By RUTH MORGAN
For the Oktibbeha County Heritage Museum
One way of making extra spending money for the holidays in the 1920s was by raising turkeys.
Old records revealed that Oktibbeha County was quickly beginning to be recognized as a turkey center in 1926 by the trade in the largely populated centers. Turkey shipments had grown during the past few years with a new record being made each year. During this time, turkey sales doubled every year.
In 1926, there were two shipments of turkeys by train. One shipment would be made just before Thanksgiving and another just before Christmas. Turkeys were a much-sought-after fowl. Over $21,000 was netted which together with money spent for feed, labor and incidentals of the shipments brought the total up to near $22,000.
The Thanksgiving shipment of turkeys was 46,711 pounds. Most of these were sold to H. E. Noel Produce Co. of Corinth, others were shipped to New Orleans, and one small shipment went to Birmingham, Ala. The H. E. Noel Product Company of Corinth has a very interesting history.
Herman Ercel Noel founded the Produce Company in Corinth. He was in the chicken business and was called “Chicken Noel.” His son, Stanley, was called “Little Chick.” Stanley wrote a gossip column called “Chicken’s Chatter” in the Corinth High School’s newspaper. He was always supplied with plenty of soft drinks so he was very popular.
His dad started the chicken business in Cadiz, Ky., later moving to Clarksville, Tenn. and later to Corinth, which was a railroad center. He would find out poultry market conditions in Chicago or New York and ship carloads of live birds to wherever he would get the best price. He had to have someone on the train to feed them. When refrigeration came along, it put him out of the chicken business.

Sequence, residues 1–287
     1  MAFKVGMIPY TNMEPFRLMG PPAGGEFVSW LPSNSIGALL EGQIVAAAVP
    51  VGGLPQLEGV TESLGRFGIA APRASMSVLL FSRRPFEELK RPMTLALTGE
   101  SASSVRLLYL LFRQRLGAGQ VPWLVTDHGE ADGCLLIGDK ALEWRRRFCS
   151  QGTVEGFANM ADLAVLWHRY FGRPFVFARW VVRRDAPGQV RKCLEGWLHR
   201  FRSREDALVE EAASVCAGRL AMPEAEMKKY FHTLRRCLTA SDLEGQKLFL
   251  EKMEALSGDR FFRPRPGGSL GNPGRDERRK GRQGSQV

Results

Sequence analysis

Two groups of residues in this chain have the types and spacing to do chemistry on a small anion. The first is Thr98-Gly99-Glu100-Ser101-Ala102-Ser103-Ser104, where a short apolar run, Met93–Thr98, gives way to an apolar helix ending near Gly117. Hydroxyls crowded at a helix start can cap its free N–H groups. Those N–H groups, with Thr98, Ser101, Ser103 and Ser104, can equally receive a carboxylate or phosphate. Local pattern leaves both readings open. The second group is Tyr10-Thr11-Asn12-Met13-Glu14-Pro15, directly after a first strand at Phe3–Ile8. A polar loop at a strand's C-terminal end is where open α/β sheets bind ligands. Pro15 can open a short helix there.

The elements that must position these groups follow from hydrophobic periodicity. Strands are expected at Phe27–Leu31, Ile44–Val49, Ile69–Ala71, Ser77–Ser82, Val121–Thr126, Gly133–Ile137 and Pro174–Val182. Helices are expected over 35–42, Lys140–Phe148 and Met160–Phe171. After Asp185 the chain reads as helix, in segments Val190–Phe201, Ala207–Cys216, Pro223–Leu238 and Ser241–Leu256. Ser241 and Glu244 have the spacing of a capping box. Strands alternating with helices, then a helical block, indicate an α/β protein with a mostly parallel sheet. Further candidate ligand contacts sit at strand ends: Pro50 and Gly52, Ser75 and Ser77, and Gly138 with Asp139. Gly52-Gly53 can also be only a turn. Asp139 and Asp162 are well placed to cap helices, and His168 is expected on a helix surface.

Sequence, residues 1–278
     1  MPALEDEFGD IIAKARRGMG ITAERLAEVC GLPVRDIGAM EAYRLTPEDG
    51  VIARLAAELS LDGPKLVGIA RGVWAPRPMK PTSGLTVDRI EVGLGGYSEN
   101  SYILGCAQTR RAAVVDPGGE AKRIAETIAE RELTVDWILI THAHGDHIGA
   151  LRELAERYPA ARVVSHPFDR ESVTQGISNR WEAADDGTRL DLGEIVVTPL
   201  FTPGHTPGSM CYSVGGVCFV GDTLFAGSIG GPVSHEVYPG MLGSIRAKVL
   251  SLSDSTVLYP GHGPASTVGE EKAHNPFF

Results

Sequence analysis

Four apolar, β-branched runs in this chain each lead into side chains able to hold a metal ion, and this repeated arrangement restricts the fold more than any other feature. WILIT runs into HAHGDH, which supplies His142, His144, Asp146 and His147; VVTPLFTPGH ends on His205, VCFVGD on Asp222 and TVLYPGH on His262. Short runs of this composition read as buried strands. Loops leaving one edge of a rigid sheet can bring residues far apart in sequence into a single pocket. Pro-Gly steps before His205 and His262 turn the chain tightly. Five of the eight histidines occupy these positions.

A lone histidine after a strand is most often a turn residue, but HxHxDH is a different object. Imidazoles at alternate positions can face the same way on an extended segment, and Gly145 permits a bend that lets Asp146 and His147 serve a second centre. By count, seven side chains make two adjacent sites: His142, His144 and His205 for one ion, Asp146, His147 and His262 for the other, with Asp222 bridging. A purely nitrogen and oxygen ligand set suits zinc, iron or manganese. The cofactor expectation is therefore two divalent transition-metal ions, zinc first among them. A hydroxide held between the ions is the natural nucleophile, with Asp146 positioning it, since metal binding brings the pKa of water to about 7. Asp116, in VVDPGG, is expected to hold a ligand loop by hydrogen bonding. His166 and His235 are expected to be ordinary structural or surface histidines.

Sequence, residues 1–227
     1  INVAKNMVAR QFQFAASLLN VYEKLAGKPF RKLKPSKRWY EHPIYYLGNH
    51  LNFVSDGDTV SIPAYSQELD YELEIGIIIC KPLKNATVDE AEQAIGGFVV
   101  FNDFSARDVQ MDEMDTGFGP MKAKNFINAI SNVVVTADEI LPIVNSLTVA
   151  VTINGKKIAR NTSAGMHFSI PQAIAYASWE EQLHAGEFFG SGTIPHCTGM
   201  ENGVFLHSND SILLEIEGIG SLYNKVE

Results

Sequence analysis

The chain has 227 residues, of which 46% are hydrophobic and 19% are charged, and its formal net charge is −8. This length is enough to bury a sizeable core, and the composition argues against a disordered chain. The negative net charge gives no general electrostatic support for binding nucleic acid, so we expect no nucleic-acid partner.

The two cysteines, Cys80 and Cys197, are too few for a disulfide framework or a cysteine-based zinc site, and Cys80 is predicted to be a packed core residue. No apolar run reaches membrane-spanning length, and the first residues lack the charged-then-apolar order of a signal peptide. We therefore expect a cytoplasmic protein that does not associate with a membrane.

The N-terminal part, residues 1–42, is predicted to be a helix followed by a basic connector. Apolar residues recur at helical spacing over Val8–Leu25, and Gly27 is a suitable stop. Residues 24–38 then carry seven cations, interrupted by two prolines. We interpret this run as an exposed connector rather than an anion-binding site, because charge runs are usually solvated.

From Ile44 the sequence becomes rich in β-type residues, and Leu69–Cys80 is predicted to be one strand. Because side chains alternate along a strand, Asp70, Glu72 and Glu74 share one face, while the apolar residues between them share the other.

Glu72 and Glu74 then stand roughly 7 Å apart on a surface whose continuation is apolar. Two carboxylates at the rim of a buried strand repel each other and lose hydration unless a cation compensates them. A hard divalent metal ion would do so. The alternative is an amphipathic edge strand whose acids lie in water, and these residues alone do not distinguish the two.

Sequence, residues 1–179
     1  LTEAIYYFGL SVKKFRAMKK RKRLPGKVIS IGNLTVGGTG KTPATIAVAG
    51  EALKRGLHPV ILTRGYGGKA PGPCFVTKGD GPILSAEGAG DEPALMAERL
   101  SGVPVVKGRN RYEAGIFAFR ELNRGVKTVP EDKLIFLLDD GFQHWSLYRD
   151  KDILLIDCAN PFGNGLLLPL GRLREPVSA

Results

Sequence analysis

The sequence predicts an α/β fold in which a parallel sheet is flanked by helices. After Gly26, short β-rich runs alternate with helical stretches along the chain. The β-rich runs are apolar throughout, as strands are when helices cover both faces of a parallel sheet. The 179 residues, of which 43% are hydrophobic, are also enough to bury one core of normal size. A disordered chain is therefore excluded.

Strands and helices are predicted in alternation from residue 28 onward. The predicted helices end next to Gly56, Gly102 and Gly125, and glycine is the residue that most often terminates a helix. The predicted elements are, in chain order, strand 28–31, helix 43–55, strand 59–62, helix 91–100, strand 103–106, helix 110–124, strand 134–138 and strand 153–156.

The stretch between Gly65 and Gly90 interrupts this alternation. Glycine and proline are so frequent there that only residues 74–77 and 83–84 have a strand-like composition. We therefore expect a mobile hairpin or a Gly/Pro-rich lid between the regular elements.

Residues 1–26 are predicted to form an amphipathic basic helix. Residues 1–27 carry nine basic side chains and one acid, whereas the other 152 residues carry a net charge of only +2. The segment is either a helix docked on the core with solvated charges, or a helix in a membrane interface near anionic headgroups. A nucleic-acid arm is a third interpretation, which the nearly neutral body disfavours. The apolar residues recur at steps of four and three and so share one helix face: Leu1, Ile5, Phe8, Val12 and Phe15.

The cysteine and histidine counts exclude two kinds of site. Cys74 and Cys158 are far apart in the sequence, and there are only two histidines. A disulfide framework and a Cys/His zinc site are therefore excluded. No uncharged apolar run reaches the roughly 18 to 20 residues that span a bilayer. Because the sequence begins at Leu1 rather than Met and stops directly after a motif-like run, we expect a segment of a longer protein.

The Christmas shipment totaled 25,320 pounds and was sold to L. Rauch Produce Co. of Memphis, Tenn. They resold them with one car going to Philadelphia and the other to Altoona, Pa.
A majority of the turkey raisers of Oktibbeha County were African American farmers’ wives who raised the turkeys and marketed them for extra spending money for the holidays. The industry grew fast and doubled every year.
The turkey enterprise has now ceased and the wagons and trains are history. The railroad tracks in parts remain throughout our county reminding us of the trains that used to be. This picture shows but a part of the past. Some of our depots still remain on Jackson Street and Fellowship Street. The Oktibbeha County Heritage Museum is located in the 1874 M&O Depot that was formerly on Hogan Street.
The original waiting rooms, the old ticket offices, original windows with the old wavy glass of the old depot still remain. The museum (depot) is the only remaining evidence in Starkville of the Mobile and Ohio Railroad (M&O) branch line to Artesia, a rail route that made local progress for almost a century. The museum building was formerly the old M&O passenger and freight depot.
According to the M&O, rails and ties of the 11.25-mile line were removed at the request of MSU and Starkville. The tracks occupied ground badly needed by the university, which had expanded on both sides of the railroad. The U. S. Interstate Commerce authorized abandonment. Starkville needed it for Urban Development
While not architecturally outstanding, the GM&O depot building is of a style typical of the late 1800s and is the only frame depot in Oktibbeha County and the two adjacent counties of Clay and Lowndes.